Lectio Divina is a method of reading and listening,lingering with, and sharing personal responses to selected biblical texts. Diverse responses to the text provide new insights and help us grow in our spiritual lives and set intentions for our daily lives. Dropins are always welcome! Click here to visit the STAR page of the web site.
Be a part of First Parish’s turning outward --Click here to view current volunteer opportunties with the UU Urban Ministry to promote social justice and equality. Urban Ministry works side-by-side with individuals and communities in Boston, primarily in Roxbury, to create opportunities and instill hope for a brighter future through education and social activism.
For more information for volunteering with UUUM, contact Marvin Venay, Director of Congregational and Volunteer Engagement, 617-318-6010 x214, or contact First Parish member Maggie Schramm or Maryglenn Vincens.
Also check the FP Connection Board and the UUUM table at fellowship hour after Sunday services for specific activities and calls for help.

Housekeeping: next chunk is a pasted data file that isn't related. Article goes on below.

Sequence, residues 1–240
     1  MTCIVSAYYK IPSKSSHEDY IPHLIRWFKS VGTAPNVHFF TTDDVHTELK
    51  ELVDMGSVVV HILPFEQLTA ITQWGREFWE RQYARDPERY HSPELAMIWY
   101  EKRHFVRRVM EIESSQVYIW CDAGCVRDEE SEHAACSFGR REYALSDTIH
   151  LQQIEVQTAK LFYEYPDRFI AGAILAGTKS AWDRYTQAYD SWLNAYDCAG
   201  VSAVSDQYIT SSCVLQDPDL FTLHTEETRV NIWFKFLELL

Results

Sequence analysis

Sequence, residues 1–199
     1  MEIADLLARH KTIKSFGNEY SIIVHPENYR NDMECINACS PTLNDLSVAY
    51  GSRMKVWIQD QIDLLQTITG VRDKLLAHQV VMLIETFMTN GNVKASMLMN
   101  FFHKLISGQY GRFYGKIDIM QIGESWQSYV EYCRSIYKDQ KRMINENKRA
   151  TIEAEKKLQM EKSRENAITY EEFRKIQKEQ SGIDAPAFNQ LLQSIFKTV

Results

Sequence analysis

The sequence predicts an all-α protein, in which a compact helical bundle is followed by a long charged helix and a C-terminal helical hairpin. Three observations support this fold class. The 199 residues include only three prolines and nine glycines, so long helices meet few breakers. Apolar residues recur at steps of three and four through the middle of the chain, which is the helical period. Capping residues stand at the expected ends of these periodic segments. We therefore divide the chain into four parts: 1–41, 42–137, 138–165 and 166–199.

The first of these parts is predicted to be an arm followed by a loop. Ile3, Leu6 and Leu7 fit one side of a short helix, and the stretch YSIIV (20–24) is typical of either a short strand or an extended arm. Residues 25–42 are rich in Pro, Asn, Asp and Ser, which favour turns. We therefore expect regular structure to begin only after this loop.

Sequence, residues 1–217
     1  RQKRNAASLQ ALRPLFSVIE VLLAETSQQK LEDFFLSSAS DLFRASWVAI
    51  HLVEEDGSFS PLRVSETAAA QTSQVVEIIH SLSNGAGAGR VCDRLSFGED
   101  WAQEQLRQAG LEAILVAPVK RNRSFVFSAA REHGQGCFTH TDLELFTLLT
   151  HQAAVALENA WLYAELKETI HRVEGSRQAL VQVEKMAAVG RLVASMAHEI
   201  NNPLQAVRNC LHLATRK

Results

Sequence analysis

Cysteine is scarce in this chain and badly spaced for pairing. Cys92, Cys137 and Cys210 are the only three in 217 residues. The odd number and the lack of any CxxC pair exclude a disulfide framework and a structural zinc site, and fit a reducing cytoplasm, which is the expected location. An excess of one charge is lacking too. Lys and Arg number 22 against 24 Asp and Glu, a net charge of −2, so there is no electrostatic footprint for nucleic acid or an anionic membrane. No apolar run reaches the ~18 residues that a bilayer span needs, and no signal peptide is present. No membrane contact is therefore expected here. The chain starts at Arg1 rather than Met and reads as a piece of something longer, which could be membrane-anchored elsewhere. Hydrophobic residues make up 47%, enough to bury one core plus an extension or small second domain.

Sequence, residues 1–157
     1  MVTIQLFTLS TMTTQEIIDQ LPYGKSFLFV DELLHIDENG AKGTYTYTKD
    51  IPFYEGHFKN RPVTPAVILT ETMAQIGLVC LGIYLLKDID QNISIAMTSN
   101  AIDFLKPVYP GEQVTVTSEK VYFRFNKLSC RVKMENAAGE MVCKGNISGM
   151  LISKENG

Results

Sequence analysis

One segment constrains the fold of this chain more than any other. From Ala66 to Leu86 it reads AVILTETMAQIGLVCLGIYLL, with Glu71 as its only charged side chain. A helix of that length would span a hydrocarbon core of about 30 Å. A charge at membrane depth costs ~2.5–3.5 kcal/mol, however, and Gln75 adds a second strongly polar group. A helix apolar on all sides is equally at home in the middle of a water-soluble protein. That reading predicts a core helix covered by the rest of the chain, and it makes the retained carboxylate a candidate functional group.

Collection baskets are located at the front and office doors.
Monetary donations can be sent to:
The Arlington Food Pantry
Health and Human Services
27 Maple Street
Arlington, MA 02476
The Food Pantry can always use juice, jelly, cereal, things from baked goods aisle like cake mixes, etc., and personal items.
To learn more and donate online please visit arlingtonma.gov/foodpantry or Contact Jean Nagle for questions.
There are currently more refugees around the world than at any time since World War II. The Refugee Concerns working group enables First Parish members to become active in a variety of efforts addressing the global refugee crisis.
Our current focus is working with Refugee Immigration Ministry to provide housing and support services for Asylum Seekers. The RIM program allows clusters of faith communities to work together. The First Parish Refugee Concerns group is working to build a cluster in Arlington, and is already housing and serving people in need.